The agreement called for the devolution of legislative power from Westminster (where it had been since 1972) to a new Northern Ireland Assembly, but posturing, disagreement, sectarianism and downright obstinance on both sides made slow work of progress, and the Assembly was suspended four times – the last from October 2002 until May 2007.
During this period, the politics of Northern Ireland polarised dramatically, resulting in the falling away of the more moderate UUP and the emergence of the hardline DUP, led by Ian Paisley; and, on the nationalist side, the emergence of the IRA's political wing, Sinn Féin, as the main torch-bearer of nationalist aspirations, under the leadership of Gerry Adams and Martin McGuinness.
A New Northern Ireland
Eager to avoid being seen to surrender any ground, the DUP and Sinn Féin dug their heels in on key issues, with the main sticking points being decommissioning of IRA weapons and the identity and composition of the new police force ushered in to replace the RUC. Paisley and the Unionists made increasing demands of the decommissioning bodies (photographic evidence, Unionist witnesses etc) as they refused to accept anything less than an open and complete surrender of the IRA. Sinn Féin refused to join the police board that monitored the affairs of the Police Service of Northern Ireland (PSNI), effectively making no change to their policy of total noncooperation with the security forces.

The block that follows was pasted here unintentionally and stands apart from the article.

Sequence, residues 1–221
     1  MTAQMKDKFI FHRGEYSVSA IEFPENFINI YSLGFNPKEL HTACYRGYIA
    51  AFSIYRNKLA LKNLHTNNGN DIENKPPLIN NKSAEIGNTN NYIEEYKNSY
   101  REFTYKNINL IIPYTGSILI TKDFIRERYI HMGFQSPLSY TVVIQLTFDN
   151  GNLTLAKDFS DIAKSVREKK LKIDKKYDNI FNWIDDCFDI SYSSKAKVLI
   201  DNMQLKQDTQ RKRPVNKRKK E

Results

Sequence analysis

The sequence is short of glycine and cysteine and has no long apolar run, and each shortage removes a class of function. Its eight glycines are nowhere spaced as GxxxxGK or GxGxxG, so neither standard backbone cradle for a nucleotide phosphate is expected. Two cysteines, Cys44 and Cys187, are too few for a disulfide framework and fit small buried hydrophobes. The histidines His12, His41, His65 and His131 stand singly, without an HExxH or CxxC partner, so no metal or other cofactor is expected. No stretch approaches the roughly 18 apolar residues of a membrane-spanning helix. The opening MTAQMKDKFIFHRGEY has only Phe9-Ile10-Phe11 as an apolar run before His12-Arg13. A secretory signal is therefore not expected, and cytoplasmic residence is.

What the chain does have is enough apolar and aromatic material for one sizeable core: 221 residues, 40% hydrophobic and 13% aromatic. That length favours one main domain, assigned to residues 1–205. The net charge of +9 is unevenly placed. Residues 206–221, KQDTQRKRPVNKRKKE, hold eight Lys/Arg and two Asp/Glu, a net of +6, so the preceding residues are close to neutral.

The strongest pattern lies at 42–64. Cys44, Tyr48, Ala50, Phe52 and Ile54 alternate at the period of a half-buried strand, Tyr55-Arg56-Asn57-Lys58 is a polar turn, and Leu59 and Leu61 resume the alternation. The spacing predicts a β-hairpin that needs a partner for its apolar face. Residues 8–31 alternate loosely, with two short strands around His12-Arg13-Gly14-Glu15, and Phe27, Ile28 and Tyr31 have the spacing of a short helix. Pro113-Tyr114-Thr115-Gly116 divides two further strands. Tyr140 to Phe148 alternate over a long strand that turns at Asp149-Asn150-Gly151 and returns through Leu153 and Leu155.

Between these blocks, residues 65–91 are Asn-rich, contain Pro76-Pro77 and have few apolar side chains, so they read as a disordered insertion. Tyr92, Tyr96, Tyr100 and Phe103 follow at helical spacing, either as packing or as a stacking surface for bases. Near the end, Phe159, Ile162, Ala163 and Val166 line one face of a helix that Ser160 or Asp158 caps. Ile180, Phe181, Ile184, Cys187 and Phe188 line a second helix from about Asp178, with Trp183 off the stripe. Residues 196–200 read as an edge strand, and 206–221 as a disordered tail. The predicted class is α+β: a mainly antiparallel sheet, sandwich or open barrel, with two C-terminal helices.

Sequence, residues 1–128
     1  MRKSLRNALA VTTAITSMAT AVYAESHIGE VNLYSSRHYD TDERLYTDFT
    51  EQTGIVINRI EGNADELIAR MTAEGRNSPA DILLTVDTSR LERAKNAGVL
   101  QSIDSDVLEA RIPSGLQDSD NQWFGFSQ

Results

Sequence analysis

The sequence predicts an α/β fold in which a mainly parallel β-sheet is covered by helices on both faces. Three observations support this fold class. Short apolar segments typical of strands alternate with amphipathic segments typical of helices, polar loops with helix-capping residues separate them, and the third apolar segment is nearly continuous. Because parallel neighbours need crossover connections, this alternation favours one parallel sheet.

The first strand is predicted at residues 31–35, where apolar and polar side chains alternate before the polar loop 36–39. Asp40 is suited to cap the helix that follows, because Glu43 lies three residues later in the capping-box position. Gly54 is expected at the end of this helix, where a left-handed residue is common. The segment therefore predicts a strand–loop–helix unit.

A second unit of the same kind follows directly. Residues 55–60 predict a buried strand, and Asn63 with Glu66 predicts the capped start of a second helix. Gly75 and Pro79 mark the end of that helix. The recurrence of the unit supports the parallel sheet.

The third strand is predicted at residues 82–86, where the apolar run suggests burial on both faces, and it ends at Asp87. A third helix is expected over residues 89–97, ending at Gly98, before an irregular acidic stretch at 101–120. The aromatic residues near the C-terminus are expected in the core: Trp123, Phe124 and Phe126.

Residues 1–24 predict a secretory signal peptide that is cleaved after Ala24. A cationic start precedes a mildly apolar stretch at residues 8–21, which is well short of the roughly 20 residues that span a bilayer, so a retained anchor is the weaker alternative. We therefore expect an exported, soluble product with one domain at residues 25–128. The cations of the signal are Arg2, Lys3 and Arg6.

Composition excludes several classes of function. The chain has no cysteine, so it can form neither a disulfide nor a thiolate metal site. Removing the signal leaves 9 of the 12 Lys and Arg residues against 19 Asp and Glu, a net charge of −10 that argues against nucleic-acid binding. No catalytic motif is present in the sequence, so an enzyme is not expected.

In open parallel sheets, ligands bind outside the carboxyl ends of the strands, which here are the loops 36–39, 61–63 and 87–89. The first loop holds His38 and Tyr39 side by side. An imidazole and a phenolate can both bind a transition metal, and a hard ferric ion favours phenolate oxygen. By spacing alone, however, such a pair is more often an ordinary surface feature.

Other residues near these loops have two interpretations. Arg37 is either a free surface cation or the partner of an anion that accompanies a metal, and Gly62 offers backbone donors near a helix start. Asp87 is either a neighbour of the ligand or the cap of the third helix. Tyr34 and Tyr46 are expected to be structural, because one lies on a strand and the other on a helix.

But the IRA did finally decommission all of its weapons, and Sinn Féin eventually agreed to join the police board. The DUP abandoned its intransigence towards its former Republican enemies and the two sides got down to the business of governing a province whose pressing needs had long since been shunted aside by sectarianism. Proof that Northern Ireland had finally achieved some kind of normality came with the 2011 Assembly elections, which returned the DUP and Sinn Féin as the two largest parties, mandating them to keep going.
But old enmities die hard. The murder of a young PSNI officer called Ronan Kerr in April 2011 was a bitter reminder of the province's violent history, but even in tragedy there was a sense that something fundamental had shifted: Kerr was a Catholic member of a police force that has gone to great lengths to disavow its traditionally pro-Protestant bias and his murder was condemned with equal strength by both sides of the divide. Perhaps most tellingly, the then-First Minister Peter Robinson's presence at the funeral was the first time Robinson had ever been to a Catholic requiem mass.